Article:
If people focus less on building wealth that will last generations, then they will be more open to taking up tasks that will help build their communities. It will be good for example, to see someone build a public library in my village in Akokwa. Having gained so much from the local library I have access to here, I strongly make a case for having public libraries in Nigeria. I remember once looking for public library in Aba and found none except a neglected one housed in a dilapidated building that proved to be no use. I left disappointed.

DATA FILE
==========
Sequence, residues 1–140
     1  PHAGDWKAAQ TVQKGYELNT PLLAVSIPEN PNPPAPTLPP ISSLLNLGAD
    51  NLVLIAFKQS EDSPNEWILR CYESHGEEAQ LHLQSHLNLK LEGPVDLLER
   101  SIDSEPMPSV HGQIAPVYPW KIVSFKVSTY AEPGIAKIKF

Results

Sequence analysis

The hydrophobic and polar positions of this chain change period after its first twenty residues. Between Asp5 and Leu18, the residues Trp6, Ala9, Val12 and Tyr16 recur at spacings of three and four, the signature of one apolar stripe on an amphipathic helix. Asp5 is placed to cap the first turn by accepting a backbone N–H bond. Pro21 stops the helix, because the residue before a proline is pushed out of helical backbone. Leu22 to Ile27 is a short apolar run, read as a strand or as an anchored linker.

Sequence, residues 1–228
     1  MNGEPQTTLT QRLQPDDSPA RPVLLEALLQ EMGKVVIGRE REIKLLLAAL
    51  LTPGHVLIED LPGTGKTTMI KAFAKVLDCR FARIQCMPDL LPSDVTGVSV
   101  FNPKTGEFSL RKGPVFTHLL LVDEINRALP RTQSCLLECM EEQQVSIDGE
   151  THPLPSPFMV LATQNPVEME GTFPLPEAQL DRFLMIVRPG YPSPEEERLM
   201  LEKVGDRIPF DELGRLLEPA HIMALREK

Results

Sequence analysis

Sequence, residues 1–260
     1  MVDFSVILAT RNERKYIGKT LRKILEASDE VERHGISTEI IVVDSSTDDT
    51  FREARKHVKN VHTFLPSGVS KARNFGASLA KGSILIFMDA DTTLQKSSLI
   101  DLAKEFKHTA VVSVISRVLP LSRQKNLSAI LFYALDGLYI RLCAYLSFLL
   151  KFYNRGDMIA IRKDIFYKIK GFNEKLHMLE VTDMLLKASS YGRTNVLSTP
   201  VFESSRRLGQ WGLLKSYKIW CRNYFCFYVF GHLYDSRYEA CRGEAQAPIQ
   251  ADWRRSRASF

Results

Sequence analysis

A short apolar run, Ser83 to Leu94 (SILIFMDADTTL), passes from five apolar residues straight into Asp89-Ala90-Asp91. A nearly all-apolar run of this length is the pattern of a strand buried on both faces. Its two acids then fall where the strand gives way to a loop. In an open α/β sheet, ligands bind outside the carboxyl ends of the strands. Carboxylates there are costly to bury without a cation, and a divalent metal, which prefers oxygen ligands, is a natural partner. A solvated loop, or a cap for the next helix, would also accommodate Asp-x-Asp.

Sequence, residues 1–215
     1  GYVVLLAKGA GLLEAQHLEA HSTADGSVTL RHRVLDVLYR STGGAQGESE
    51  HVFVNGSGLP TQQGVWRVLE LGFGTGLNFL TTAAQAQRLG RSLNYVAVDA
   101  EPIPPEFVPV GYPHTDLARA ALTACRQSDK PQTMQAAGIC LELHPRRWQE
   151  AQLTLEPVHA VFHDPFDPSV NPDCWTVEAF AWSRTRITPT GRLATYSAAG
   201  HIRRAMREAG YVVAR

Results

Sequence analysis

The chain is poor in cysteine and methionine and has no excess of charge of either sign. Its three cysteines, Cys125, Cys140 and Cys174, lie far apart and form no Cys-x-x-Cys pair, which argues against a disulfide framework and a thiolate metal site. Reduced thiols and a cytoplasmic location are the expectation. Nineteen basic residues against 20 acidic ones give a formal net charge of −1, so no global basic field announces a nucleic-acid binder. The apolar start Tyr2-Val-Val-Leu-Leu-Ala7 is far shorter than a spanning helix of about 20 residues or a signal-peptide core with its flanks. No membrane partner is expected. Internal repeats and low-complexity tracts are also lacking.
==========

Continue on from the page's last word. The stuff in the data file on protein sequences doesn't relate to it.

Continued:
It can be tempting for the average person reading this to think that this post is not for them but for the Adenugas, the Dangotes and recently, the Ikeji’s (the last was to lighten your mood), but we can all take small steps. Take the library for example, if I were disciplined enough, I could make the library happen even though I don’t have financial recourses to build a brand new library. I already have access to books I could donate to my community: Between my seven siblings and I, we have used university books from the following disciplines: Law, two sets from Industrial Chemistry (one from a State university and another from a Federal university) Economics, Public Administration, Accounting and potentially three from Public Health, Philosophy and Theology. Surely, if I get these books together, we could start a small library in my village in a room donated by the community. For practically nothing, and if others follow our lead and donate, we will have a library in my village.